UNITED STATES COURT OF APPEALS FOR THE SECOND CIRCUIT
decided: August 2, 1989.
SECURITIES AND EXCHANGE COMMISSION, PLAINTIFF-APPELLEE,
DENNIS LEVINE, A/K/A MR. DIAMOND, INTERNATIONAL GOLD, INC., DIAMOND HOLDINGS, S.A., AND BERNHARD MEIER, DEFENDANTS, ARDEN WAY ASSOCIATES, ET AL. (THE ARDEN WAY CLAIMANTS), UNITED STATES OF AMERICA, ROBERT M. WILKIS, DENNIS B. LEVINE, AND NEW YORK STATE DEPARTMENT OF TAXATION AND FINANCE, APPELLANTS
Appeals from interlocutory orders of the United States District Court for the Southern District of New York, Richard Owen, Judge, imposing constructive trusts on moneys disgorged pursuant to consent decrees entered into in actions brought by Securities and Exchange Commission for alleged insider trading in violation of federal securities laws, and forbidding payment of state and federal tax claims from the disgorged funds. See 689 F. Supp. 317 (S.D.N.Y. 1988). Affirmed in part, reversed as to prohibition on payment of certain federal tax claims, and remanded.
Oakes, Chief Judge, Kearse and Mahoney, Circuit Judges.
KEARSE, Circuit Judge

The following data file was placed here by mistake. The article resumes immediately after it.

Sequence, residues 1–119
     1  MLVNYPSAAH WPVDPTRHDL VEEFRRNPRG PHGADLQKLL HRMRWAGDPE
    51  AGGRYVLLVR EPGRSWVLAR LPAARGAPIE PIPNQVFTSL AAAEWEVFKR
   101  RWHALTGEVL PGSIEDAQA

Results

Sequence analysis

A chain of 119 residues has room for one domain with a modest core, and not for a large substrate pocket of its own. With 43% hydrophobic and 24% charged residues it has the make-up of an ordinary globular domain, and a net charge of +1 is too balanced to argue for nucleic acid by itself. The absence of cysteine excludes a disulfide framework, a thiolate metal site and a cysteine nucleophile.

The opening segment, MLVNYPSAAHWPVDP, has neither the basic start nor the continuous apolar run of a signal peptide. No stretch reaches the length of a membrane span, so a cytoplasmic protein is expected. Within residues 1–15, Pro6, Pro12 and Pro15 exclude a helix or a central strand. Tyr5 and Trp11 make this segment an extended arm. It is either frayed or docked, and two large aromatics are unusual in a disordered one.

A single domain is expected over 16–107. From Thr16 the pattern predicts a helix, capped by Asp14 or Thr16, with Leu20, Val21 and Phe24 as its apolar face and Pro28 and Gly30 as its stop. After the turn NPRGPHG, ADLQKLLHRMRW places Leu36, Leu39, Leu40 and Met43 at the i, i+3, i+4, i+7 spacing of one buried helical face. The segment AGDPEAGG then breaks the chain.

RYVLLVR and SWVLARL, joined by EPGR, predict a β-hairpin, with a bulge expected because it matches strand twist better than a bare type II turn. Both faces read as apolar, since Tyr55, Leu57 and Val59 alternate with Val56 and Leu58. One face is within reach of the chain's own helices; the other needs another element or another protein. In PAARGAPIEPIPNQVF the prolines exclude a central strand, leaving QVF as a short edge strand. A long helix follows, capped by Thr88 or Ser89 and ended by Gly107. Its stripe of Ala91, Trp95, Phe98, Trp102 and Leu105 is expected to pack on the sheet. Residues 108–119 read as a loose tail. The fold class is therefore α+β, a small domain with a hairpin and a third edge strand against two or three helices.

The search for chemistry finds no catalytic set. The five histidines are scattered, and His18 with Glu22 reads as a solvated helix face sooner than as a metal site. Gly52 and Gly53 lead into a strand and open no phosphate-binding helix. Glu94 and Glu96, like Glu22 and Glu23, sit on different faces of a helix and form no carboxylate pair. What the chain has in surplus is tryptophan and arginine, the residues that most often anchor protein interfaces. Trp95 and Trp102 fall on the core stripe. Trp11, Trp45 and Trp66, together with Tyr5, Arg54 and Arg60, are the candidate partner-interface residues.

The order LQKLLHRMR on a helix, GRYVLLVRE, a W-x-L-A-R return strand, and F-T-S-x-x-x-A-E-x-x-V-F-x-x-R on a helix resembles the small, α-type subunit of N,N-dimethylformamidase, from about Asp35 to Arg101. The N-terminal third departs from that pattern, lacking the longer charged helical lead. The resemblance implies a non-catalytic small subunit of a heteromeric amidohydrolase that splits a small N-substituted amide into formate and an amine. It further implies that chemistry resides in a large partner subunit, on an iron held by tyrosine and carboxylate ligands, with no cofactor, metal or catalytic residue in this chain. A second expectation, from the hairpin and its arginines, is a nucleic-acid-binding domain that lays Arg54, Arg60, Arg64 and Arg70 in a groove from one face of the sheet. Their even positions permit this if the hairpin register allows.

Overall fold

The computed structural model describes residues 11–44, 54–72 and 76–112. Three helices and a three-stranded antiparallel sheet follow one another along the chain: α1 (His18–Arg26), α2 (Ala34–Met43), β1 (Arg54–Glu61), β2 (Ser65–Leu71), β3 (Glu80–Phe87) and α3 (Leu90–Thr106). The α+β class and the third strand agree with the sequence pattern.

These appeals by (1) Dennis B. Levine and Robert M. Wilkis, defendants in civil actions commenced by plaintiff Securities and Exchange Commission ("SEC" or "Commission"), (2) the United States of America, to wit, the Internal Revenue Service ("IRS"), and the New York State Department of Taxation and Finance (the "State"), which have claims against Levine and Wilkis, and (3) Arden Way Associates, et al. ("Arden Way" or the "Arden Way claimants"), who are plaintiffs in a related action, challenge orders of the United States District Court for the Southern District of New York, Richard Owen, Judge, which, inter alia, imposed constructive trusts on the assets disgorged by Levine and Wilkis in the SEC actions and forbade payment of federal or state tax claims from the disgorged assets. See 689 F. Supp. 317 (S.D.N.Y. 1988). On appeal, Levine, Wilkis, the IRS, and the State contend principally that the district court erred in refusing to require the SEC to pay the tax liabilities of Levine and Wilkis out of the disgorged assets; Arden Way contends that the court abused its discretion by approving a proposed distribution plan that does not provide for payments to Arden Way. For the reasons below, we conclude principally that the IRS is entitled to priority to the extent of approximately $8.5 million with respect to the assets disgorged by Levine; that in most other respects, the district court properly rejected the claims of Levine, Wilkis, and Arden Way; and that further proceedings are required for determination of certain additional claims advanced by the IRS.